We’re swearing off single-use coffee cups and plastic straws, and giving more thought to the eco-friendliness of the meat we eat, the cars we drive and the fast fashion we wear. But many of us don’t consider the environmental impact of the sneakers we wear or how they’re manufactured.
Ethical French footwear label Veja is changing that. It’s already known for using materials such as wild Amazonian rubber (which helps in the fight against deforestation), fair-trade cotton and vegan leather in its cult sneakers. All Veja workers are paid fairly, and its cotton farmers are encouraged to grow their own food crops on their farms. Earlier this year it released a collection of vegan sneakers, The SDU Hexa, an adaption of the label’s popular leather SDU style.
Today, Veja is releasing The Condor, which breaks new ground in terms of sneaker sustainability. Veja has dubbed it the world’s first “post-petroleum” sneaker. It’s also the brand’s first running shoe.
Ninety-nine per cent of materials used in running shoes is plastic – specifically a polymer that is 99 per cent petroleum. We chuck out hundreds of thousands of such sneakers every year, which end up out of sight, and out of mind. But not out of existence.
“Our society’s dependence on plastic and oil is an ecological disaster,” Sébastien Kopp, who co-founded Veja with François-Ghislain Morillion in 2004, tells Broadsheet. The Condor project started four years ago, and the idea was simple: “to eradicate as much plastic as we could”.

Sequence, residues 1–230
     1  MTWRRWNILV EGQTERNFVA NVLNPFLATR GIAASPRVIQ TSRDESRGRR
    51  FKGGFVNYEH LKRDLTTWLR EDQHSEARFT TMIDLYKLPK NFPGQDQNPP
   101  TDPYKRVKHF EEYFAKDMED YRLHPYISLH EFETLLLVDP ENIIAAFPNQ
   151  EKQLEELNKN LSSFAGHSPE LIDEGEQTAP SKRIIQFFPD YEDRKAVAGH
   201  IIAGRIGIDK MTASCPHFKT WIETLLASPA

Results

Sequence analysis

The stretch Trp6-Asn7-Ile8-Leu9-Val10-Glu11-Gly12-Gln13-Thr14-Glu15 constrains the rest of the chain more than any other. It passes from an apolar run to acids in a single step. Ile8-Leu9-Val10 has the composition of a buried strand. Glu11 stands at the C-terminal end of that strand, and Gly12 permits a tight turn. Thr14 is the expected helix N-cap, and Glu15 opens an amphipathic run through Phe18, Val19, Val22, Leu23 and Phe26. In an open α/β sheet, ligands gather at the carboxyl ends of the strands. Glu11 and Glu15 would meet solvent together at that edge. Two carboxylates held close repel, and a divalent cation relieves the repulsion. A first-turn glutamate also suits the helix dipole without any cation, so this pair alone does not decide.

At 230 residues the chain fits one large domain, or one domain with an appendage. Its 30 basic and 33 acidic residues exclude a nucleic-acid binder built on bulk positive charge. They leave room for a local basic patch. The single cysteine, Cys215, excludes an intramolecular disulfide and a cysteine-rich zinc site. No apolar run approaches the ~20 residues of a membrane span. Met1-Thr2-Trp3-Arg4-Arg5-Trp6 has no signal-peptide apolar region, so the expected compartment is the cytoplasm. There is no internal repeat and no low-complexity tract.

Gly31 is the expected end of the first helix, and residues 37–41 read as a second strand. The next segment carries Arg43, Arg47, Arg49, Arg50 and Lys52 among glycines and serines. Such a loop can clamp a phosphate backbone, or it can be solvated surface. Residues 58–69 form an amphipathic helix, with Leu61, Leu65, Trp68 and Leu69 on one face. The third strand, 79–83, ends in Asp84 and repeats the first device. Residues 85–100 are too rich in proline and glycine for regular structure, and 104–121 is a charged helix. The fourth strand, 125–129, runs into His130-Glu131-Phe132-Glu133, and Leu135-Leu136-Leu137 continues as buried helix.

“Our goal was, and still is, to go beyond petroleum, meaning we’ve replaced it with bio-based and recycled materials,” he continues.
Kopp and Morillion assembled a team that included specialist engineers with running-related experience. They set out to discover the “perfect” natural materials to replace the petroleum-heavy ones.
Now, after years of developing and testing prototypes, The Condor has finally landed. Made from recycled plastic bottles, rice waste, and other natural materials such as banana oil, sugar cane and a special wild rubber from the Amazon rainforest, these are runners you can feel good about buying and wearing. They’re 53 per cent bio-sourced (made from once-living organisms) and recycled, and the aim is to eventually get that ratio to 100 per cent. Like all its sneakers, The Condor style is made in a Brazilian factory where workers enjoy good conditions, benefits and fair compensation.
So they look good, and are made from good stuff, but are they good for running?
According to Kopp, yes. The Condor “is suitable for 80 per cent of runners, and is adapted to run a half-marathon”, he says.
Runners of different abilities around the world clocked up more than 10,000 kilometres in them before they received the final, definitive green light. The shoe’s shape was inspired by the bone structure of South American condor birds, which hints at what the company hopes you’ll do in them: fly (or at least run very quickly).
The first release includes six colourways – black, white, grey, yellow, pink-red and graphite – and is available online and in 70 stores around the world, including Sydney’s Pace Athletic and Melbourne’s Sneakerboy.
So, what’s next for Veja?
“We never talk about projects before they are actually done,” says Kopp. “[But] this is just the beginning.”
Veja’s The Condor is available now.